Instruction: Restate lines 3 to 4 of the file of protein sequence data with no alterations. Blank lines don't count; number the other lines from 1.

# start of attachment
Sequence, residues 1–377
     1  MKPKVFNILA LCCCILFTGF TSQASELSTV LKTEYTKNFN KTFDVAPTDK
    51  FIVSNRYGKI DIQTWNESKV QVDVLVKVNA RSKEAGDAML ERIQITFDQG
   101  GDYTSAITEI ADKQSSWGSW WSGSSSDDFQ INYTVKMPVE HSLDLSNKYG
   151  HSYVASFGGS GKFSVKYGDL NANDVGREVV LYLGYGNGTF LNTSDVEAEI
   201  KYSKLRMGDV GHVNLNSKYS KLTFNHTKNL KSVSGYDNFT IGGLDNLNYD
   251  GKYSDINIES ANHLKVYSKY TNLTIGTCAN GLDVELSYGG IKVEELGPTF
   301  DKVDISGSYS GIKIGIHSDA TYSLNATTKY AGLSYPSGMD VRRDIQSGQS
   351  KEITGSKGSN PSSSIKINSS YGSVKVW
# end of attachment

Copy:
    51  FIVSNRYGKI DIQTWNESKV QVDVLVKVNA RSKEAGDAML ERIQITFDQG
   101  GDYTSAITEI ADKQSSWGSW WSGSSSDDFQ INYTVKMPVE HSLDLSNKYG